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Sallust, Conspiracy of Catiline (ed. John Selby Watson, Rev. John Selby Watson, M.A.), chapter 3 (search)
elf, however, when a young man,When a young man] Adolescentulus. "It is generally admitted that all were called adolescentes by the Romans, who were between the fifteenth or seventeenth year of their age and the fortieth. The diminutive is used in the same sense, but with a view to contrast more strongly the ardor and spirit of youth with the moderation, prudence, and experience of age. So Cæsar is called adolescentulus, in c. 49, at a time when he was in his thirty-third year." Dietsch. And Cicero, referring to the time of his consulship, says, Defendi rempublicam adolescens, Philipp. ii. 46. was at first led by inclination, like most others, to engage in political affairs;To engage in political affairs] Ad rempublicam. "In the phrase of Cornelius Nepos, honoribus operam dedi, I sought to obtain some share in the management of the Republic. All public matters were comprehended under the term Respublica." Cortius. but in that pursuit many circumstances were unfavorable to me; for, inst
Sallust, Conspiracy of Catiline (ed. John Selby Watson, Rev. John Selby Watson, M.A.), chapter 8 (search)
to which illustrious intellects could exalt it in their writings. But among the Romans there was never any such abundance of writers;There was never any such abundance of writers] Nunquam ea copia fuit. I follow Kuhnhardt, who thinks copia equivalent to multitudo. Others render it advantage, or something similar; which seems less applicable to the passage. Compare c. 28: Latrones--quorum--magna copia erat. for, with them, the most able men were the most actively employed. No one exercised the mind independently of the body: every man of ability chose to act rather than narrate,Chose to act rather than narrate] "For," as Cicero says, " neither among those who are engaged in establishing a state, nor among those carrying on wars, nor among those who are curbed and restrained under the rule of kings, is the desire of distinction in eloquence wont to arise." Graswinckelius. and was more desirous that his own merits should be celebrated by others, than that he himself should record theirs.
Sallust, Conspiracy of Catiline (ed. John Selby Watson, Rev. John Selby Watson, M.A.), chapter 17 (search)
g boys playing at ball, of inflicting a certain number of strokes on the leg of an unsuccessful player. Plutarch, Life of Cicero, c. 17. Publius Autronius,Publius Autronius] He had been a companion of Cicero in his boyhood, and his colleague in the qCicero in his boyhood, and his colleague in the quæstorship. He was banished in the year after the conspiracy, together with Cassius, Læca, Vargunteius, Servius Sylla, and Caius Cornelius, under the Plautian law. De Brosses. Lucius Cassius Longinus,Lucius Cassius Longinus] He had been a competitor he was removed from the senate, A.U.C. 683. See c. 23. As he had been the first to give information of the conspiracy to Cicero, public honors were decreed him, but he was deprived of them by the influence of Cæsar, whom he had named as one of the c,Lucius Statilius] of him nothing more is known than is told by Sallust. Publius Gabinius Capito,Publius Gabinius Capito] Cicero, instead of Capito, calls him Cimber. Orat. in Cat., iii. 3. The family was originally from Gabii. Caius Cornelius ;Caius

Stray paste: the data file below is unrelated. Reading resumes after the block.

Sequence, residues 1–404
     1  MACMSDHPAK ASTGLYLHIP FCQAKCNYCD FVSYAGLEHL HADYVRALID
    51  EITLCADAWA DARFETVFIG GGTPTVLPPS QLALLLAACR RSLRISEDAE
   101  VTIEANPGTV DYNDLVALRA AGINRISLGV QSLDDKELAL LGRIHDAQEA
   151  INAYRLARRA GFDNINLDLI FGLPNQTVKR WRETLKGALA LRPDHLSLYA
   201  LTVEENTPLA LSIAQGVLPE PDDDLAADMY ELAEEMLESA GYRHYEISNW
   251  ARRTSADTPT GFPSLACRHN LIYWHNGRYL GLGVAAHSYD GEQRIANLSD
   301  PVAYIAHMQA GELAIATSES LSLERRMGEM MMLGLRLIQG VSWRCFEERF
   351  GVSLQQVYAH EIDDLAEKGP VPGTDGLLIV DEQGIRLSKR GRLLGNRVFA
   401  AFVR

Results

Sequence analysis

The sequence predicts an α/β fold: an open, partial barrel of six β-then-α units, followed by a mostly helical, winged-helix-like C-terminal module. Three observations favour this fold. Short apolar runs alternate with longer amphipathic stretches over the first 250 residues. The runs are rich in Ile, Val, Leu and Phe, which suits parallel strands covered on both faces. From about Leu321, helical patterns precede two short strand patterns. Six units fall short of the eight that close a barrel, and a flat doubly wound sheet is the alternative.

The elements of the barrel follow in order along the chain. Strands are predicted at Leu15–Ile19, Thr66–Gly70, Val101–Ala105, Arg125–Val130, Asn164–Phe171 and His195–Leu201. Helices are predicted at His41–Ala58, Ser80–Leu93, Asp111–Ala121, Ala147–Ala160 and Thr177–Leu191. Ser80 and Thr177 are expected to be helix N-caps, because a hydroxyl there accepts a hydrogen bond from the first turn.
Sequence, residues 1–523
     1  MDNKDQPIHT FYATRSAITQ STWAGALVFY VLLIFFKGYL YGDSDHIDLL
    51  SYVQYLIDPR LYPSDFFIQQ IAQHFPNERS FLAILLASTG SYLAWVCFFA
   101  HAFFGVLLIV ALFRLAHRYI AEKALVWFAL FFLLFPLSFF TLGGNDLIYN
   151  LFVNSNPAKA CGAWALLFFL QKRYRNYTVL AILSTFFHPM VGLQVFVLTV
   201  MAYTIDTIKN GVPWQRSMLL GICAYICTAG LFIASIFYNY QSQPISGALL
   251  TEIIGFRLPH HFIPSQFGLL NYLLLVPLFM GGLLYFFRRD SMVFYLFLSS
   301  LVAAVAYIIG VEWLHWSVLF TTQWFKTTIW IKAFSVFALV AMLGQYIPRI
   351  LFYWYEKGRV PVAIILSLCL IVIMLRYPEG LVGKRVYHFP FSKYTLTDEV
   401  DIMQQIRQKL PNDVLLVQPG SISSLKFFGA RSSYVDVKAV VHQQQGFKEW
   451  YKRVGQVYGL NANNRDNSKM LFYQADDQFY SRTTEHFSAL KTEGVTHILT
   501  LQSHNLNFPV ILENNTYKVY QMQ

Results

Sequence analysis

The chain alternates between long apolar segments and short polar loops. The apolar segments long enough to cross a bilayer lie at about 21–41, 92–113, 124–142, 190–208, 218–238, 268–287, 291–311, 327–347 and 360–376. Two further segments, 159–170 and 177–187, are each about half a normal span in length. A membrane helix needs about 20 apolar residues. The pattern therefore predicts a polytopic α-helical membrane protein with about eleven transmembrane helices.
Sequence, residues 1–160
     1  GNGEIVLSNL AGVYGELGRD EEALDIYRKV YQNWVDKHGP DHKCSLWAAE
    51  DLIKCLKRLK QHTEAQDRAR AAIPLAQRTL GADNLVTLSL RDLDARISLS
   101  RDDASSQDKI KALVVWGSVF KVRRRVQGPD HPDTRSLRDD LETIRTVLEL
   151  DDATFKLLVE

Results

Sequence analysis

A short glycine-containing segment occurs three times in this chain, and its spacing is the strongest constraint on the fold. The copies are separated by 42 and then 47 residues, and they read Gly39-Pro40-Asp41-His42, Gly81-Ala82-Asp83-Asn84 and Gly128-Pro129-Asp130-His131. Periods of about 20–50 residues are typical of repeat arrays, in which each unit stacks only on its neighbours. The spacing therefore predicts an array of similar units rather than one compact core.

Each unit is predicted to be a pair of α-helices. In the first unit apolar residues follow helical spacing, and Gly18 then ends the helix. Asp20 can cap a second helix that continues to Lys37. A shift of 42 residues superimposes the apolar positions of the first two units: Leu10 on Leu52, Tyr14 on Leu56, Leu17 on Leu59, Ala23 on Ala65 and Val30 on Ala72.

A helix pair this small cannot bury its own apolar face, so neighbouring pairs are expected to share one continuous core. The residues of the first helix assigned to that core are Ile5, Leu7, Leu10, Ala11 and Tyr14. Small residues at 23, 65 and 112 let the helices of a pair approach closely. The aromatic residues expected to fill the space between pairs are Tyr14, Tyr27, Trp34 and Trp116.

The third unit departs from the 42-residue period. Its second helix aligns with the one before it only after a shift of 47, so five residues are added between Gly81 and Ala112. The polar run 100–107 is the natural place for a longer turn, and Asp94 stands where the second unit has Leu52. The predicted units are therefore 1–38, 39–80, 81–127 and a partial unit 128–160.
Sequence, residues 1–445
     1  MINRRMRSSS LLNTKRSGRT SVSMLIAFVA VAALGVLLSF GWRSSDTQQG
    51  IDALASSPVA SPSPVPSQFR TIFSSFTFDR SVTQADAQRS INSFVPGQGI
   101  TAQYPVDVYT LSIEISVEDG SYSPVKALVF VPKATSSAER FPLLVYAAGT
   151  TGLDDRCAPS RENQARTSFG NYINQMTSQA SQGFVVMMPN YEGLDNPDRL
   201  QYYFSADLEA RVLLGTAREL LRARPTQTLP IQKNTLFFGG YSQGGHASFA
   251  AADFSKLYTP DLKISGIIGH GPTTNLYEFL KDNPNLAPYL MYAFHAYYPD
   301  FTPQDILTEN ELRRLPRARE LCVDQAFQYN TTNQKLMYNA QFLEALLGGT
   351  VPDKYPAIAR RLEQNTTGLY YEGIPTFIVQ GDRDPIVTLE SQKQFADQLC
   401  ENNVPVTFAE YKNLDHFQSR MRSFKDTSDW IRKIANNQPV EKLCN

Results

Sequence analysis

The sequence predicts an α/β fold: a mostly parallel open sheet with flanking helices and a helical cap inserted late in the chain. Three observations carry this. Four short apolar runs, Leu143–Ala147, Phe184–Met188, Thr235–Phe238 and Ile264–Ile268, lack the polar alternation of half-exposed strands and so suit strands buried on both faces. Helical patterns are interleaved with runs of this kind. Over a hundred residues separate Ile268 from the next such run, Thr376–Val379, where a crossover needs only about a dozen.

Sallust, Conspiracy of Catiline (ed. John Selby Watson, Rev. John Selby Watson, M.A.), chapter 22 (search)
word to the circulators of the report, I follow Cortius, Gerlach, Kritzius, and Bernouf. Wasse, with less discrimination, refers it to Catiline. This story of the drinking of human blood is copied by Florus, iv. 1, and by Plutarch in his Life of Cicero. Dio Cassius (lib. xxxvii.) says that the conspirators were reported to have killed a child on the occasion. that he did this, in order that they might be the more closely attached to one another, by being mutually conscious of such an atrocity. he occasion. that he did this, in order that they might be the more closely attached to one another, by being mutually conscious of such an atrocity. But so some thought that this report, and many others, were invented by persons who supposed that the odium against Cicero, which afterward arose, might be lessened by imputing an enormity of guilt to the conspirators who had suffered death. The evidence which I have obtained, in support of this charge, is not at all in proportion to its magnitude.
Sallust, Conspiracy of Catiline (ed. John Selby Watson, Rev. John Selby Watson, M.A.), chapter 23 (search)
d acting, in his general conduct, with greater arrogance than ever.With greater arrogance than ever] Ferociùs quàm solitus erat. Fulvia, having learned the cause of his extravagant behavior, did not keep such danger to the state a secret; but, without naming her informant, communicated to several persons what she had heard and under what circumstances, concerning Catiline's conspiracy. This intelligence it was that incited the feelings of the citizens to give the consulship to Marcus Tullius Cicero.To Marcus Tullius Cicero] Cicero was now in his forty-third year, and had filled the office of quæstor, edile, and prætor. For before this period, most of the nobility were moved with jealousy, and thought the consulship in some degree sullied, if a man of no family,A man of no family] Novus homo. A term applied to such as could not boast of any ancestor that had held any curule magistracy, that is, had been consul, prætor, censor, or chief edile. however meritorious, obtained it. But when d